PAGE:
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Posts Tagged ‘media

If all goes according to plan, the auto-posting of this entry will coincide with the start of my hour-long seminar on social media-enabled PLNs.

Unlike my previous talks and seminars, I am dispensing with a backchannel. It is not that I no longer see its value. I have other activities for my participants.

I have created a simple companion Google Site to house all the components of the seminar. As with most events I design, I have included a bit more than is required and will leave items out depending on the need.

I normally create my slides from scratch by using large images and as few words as possible. I tell the stories and let my slides support them (not the other way around). I also provide just enough information for participants to teach themselves by linking to activities and reflection spaces.

This time, however, I have an audience that is very new to the concepts. There is a bit more text so that the slide deck can serve as a reference. To do this, I opted to use the Banquo template from Slides Carnival. Disclosure: I do not benefit in any way from mentioning Slides Carnival.

I was very impressed by the variety of slide layouts included in each template (see a few examples in my tweets below).

I have not had to create formal learning opportunities in the areas of social media and PLNs for a while (the last time was in 2012). These have been a passion of mine since I joined Twitter in 2007. But they have also been a “background” topic in that most people taught themselves these topics and I have been asked to facilitate learning of other topics.

I am glad that I can return to one of my roots and will cast some seeds today. I just hope that the soil is fertile and the conditions ripe for the picking.

Addendum: Here are a some takeaways from a sample of the participants. Click on the tweet below to see three screen grabs.

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When I rationalize with old-school teachers why they should change their ways, the majority clam up or a minority push back.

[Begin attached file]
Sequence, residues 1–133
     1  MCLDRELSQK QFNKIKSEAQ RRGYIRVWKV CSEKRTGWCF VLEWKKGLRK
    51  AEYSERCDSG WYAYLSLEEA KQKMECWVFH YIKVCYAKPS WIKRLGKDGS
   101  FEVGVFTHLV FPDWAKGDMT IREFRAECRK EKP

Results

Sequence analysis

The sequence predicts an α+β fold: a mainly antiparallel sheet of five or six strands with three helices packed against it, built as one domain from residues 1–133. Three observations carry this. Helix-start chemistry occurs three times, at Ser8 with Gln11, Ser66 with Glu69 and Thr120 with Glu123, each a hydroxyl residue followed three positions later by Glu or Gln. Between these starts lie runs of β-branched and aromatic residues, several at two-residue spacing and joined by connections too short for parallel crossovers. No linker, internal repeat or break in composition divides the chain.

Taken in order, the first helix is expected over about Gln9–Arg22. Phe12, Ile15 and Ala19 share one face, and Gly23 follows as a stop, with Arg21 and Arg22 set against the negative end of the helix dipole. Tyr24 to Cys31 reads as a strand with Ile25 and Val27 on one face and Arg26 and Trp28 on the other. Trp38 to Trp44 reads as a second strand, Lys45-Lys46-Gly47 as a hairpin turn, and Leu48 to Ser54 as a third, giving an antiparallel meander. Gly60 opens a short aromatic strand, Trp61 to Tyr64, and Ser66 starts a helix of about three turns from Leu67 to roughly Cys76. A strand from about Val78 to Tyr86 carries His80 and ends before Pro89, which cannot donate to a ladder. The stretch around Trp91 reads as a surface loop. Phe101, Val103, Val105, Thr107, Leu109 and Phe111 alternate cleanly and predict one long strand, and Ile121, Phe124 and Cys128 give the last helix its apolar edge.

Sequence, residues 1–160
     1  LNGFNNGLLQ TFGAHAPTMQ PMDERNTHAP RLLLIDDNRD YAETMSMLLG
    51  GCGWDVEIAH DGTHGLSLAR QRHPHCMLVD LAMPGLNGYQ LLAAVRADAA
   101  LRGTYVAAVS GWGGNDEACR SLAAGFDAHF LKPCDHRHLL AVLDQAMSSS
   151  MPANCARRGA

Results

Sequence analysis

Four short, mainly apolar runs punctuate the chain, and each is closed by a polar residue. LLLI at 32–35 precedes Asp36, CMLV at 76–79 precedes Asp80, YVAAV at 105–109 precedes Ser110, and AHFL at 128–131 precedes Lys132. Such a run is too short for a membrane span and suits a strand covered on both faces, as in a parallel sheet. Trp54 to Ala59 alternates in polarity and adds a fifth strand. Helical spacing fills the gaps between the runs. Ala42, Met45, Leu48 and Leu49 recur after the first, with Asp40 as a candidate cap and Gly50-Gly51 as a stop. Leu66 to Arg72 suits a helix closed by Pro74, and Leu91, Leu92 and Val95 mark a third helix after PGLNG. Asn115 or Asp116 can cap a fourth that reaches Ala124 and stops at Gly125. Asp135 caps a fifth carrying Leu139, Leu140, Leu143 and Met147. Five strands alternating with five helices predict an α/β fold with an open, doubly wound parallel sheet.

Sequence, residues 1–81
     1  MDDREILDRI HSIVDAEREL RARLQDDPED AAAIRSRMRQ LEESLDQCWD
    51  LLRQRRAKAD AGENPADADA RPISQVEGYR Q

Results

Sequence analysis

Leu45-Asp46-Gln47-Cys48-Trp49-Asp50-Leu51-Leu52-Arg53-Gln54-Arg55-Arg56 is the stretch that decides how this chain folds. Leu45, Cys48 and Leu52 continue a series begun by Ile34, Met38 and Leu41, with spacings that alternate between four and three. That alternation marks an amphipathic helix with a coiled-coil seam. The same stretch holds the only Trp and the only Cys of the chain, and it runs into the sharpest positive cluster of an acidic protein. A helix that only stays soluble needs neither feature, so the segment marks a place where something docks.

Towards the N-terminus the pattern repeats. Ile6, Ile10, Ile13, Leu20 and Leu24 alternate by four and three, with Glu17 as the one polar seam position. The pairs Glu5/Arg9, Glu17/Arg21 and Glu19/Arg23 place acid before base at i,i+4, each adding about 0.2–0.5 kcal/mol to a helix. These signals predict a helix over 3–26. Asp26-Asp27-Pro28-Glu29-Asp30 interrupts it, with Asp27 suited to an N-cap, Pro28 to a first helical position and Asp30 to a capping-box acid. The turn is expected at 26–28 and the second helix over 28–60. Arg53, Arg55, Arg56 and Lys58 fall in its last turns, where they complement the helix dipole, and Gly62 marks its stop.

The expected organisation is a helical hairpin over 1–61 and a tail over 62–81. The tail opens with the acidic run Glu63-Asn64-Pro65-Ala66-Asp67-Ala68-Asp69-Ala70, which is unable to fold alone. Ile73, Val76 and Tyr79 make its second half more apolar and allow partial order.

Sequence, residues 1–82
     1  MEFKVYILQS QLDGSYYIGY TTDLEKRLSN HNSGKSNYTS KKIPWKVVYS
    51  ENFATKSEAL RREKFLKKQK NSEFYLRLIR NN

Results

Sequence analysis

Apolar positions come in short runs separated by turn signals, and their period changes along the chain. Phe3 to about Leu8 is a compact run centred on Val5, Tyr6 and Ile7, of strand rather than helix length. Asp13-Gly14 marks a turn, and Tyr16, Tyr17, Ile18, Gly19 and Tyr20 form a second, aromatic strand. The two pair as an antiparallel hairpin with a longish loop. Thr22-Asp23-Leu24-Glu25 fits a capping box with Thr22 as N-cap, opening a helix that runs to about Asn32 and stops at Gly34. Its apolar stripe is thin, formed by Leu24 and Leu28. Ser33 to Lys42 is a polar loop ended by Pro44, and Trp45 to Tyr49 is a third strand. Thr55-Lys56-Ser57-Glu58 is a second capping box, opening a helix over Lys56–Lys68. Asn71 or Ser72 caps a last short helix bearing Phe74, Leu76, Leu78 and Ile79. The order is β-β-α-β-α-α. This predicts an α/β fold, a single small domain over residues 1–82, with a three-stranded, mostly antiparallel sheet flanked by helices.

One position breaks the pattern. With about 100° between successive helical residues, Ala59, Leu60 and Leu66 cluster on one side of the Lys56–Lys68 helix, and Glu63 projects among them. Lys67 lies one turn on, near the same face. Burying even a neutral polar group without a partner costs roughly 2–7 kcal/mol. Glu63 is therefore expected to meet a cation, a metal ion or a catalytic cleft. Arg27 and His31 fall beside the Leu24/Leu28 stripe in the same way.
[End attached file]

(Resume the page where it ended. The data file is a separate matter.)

If they are reflective and brave, they might ask about the risks of adopting the changes I suggest. For example, what are the risks of integrating social media into teaching and learning?

I can answer this question in at least two ways.
 

 

The expected set of answers is that you might find the going tough, make mistakes along the way, or get into a bit of trouble.

These are the risks of changing old mindsets and behaviours in order to learn new ones. You make calculated risks (not foolhardy ones), take the leap, and deal with what comes your way.
 

 
Here is the example question again: What are the risks of integrating social media into teaching and learning? The less expected answers might not be easy to stomach.

You risk being disconnected because you refuse to do what matters now and you do not learn from educators who are already plugged in.

You risk becoming irrelevant because you do not understand today’s learners and you fail to project tomorrow’s need.

You risk not making a difference because you rely on old, irrelevant strategies for new, complex problems.

These are the risks of giving into fear and the selfishness of not doing.


Video source

Do, or do not. There is no try.

If you choose not to do, can you live with the consequences of not taking risks for the sake of your learners?

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I found this social media advice for teachers.
 

 
I hope teachers do not take the advice like it is gospel truth because there are exceptions.

For example, I am all for keeping it “light and positive”. But sometimes there are heavy or serious matters that might be discussed on social media. The mostly asynchronous nature of social media affords time and space for thoughtful reflection and these might not be light at all.

You also cannot always be positive. Sometimes you have to be point out flaws, be a critical friend, or simply provide balance. But you can do it professionally and after you have established yourself as a trusted entity.